1.8.2 Public Scoping

While there has been a significant level of public involvement in agency scoping activities regarding the take of manatees in Kings Bay, the Service will further engage the public in a public workshop and a public hearing, to be held in Crystal River, Florida. The proposed rule and draft environmental assessment will also be provided to the public in a variety of media for review and comment during a 60-day comment period.

1.8.3 Issue Identification

An issue, in the context of NEPA, is a cause-and effect relationship that may result from implementation of an action. An issue is a point of disagreement, debate, or dispute with a proposed action, based on some anticipated effect. Significant issues (i.e., issues within the scope of the proposed action, not already decided by law, regulations, or land management plan, and relevant to the decision to be made) related to the proposed project have been addressed in this EA either through the formulation of the alternatives and mitigation measures in Chapter 2 or in the analysis of effects on the particular resource of concern (e.g., recreation) in Chapter 3. Significant issues identified during scoping processes (internal and public) are that the proposed designation of a manatee refuge may:

  • eliminate a seasonal watersports area located in Kings Bay
  • eliminate access to Three Sisters Springs
  • eliminate access to Kings Springs (aka “The Keyhole”)

2.0 Alternatives Including the Proposed Action

This chapter describes the process that was used to develop alternatives for preventing the take of manatees in Kings Bay. The detailed analysis of effects is described in “Section 2.1 Alternative Formulation”.

2.1 Alternative Formulation

Development of alternatives for preventing the take of manatees in Kings Bay entailed consideration of three key variables: 1) the current network of manatee protection areas in Kings Bay, pursuant to 50 CFR Subpart J – Manatee Protection Areas and National Wildlife Refuge System Improvement Act of 1997 and State authorities; 2) Federal regulations prohibiting the take of manatees, as described in for 50 CFR 17.3 and 50 CFR 18.3; and 3) law enforcement activities.

2.1.1 Current Network of Manatee Protection Areas

To prevent the take of manatees, the Service and the State of Florida have designated a network of manatee protection areas at sites throughout Florida where threats to manatees have been well documented and where manatees are known to frequently occur. This network supports our goal of providing areas of protected habitat throughout peninsular Florida, adequate to satisfy the biological needs of the species.

Kings Bay currently includes seven Federal manatee sanctuaries and five State manatee speed restricted areas. Manatee observation and boating activities take (harass and kill) manatees in this area, despite this network of protection measures. Previous efforts to address increasing numbers of takings from these activities have included adding protected areas, expanding existing manatee protection area boundaries, making protection area measures more restrictive, and other management practices. While these efforts have been effective, changing recreationist activities and manatee use patterns contribute to increases in the number of takings and, thereby, create a need to implement additional measures.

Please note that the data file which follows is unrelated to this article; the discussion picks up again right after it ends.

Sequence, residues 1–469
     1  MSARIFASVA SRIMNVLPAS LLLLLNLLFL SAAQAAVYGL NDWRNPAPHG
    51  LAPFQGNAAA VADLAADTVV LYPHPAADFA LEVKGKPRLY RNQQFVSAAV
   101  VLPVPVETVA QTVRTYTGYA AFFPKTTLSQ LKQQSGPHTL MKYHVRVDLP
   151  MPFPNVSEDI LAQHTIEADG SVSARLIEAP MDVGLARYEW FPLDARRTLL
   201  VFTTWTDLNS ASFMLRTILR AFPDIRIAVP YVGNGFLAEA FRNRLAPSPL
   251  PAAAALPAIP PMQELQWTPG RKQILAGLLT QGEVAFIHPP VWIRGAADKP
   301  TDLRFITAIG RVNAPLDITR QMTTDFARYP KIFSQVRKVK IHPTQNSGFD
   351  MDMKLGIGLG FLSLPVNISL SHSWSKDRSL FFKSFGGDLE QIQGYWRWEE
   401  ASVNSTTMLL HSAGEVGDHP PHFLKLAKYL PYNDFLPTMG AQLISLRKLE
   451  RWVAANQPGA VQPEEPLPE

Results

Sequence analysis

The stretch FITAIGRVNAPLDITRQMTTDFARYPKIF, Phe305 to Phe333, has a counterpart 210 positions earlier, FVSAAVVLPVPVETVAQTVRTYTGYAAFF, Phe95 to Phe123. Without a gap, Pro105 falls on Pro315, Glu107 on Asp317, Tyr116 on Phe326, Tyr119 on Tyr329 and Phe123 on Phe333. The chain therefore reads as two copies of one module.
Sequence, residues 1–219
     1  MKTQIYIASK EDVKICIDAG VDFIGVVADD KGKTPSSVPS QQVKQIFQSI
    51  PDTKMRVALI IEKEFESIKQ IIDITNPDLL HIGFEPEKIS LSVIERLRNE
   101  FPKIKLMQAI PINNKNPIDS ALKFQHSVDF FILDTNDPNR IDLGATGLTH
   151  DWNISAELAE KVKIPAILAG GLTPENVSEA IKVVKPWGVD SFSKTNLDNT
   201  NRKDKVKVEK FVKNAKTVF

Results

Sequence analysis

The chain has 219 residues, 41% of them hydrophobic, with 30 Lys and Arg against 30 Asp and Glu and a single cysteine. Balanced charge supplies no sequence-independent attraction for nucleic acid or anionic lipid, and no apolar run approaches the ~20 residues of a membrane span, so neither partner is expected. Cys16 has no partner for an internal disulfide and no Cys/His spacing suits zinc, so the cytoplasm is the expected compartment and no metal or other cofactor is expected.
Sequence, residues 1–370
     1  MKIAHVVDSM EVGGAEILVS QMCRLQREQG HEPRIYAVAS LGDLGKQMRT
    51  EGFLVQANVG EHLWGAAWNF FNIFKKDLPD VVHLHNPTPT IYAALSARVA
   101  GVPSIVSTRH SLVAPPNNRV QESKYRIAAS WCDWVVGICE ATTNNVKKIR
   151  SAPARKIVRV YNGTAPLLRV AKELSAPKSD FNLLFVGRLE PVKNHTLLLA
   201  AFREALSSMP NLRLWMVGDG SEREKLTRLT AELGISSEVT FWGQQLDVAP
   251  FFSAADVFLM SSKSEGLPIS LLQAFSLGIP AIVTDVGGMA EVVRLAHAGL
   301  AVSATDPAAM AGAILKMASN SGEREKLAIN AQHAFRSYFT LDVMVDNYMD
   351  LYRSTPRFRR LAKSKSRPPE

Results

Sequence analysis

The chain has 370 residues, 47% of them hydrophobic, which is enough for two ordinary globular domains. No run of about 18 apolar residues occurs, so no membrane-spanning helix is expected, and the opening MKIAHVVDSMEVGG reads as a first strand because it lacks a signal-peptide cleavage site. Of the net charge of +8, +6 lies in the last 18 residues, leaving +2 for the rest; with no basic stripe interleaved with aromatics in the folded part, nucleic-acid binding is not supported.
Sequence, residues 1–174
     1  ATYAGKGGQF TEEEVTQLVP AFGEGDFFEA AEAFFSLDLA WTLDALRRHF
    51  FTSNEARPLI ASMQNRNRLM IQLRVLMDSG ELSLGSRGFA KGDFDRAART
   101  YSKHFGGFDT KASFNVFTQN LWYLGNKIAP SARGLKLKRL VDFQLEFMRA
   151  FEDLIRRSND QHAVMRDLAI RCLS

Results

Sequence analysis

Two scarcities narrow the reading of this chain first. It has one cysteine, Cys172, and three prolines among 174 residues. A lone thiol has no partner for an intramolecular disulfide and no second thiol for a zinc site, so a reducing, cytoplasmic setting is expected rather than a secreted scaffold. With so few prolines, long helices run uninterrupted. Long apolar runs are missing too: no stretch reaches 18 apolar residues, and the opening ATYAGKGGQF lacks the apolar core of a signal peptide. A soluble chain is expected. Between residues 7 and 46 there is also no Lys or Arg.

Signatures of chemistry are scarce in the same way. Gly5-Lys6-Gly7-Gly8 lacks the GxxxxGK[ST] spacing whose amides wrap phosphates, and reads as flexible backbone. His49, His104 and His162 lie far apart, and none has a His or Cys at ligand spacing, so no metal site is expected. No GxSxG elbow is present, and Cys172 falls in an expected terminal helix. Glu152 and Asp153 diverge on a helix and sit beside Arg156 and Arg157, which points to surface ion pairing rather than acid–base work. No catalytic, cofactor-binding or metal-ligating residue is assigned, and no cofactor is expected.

Under the proposed manatee refuge designation, refuge restrictions would improve the Service’s ability to address takings associated with watercraft and with manatee viewing activities. Restrictions would require all watercraft to operate at slow speed throughout Kings Bay except in those areas where more restrictive measures are in place (idle speed zones, no entry areas, and sanctuaries) as posted, to prevent the number of watercraft-related deaths and injuries occurring in Kings Bay. Harassment associated with manatee viewing activities will be controlled through the establishment of no entry areas not to exceed specified distances around existing manatee sanctuaries, the designation of no entry areas at lesser springs when needed, and the identification of manatee refuge-specific prohibitions.

2.1.2 Federal Regulations Prohibiting the Take or Harassment of Manatees

It has been suggested that current Service regulations prohibiting the take, and more specifically, harassment, of manatees could be modified to improve public understanding and enforceability of the law. The Service defines takings, including harassment, in its implementing regulations for both the ESA and the MMPA (50 CFR 17.3 and 50 CFR 18.3). These regulations prohibit the take of listed species, including manatees. Federal and State law enforcement officers enforce the ESA and MMPA, current regulations, citing and prosecuting violators who engage in activities known to take manatees, including violators who harass manatees while engaged in viewing activities.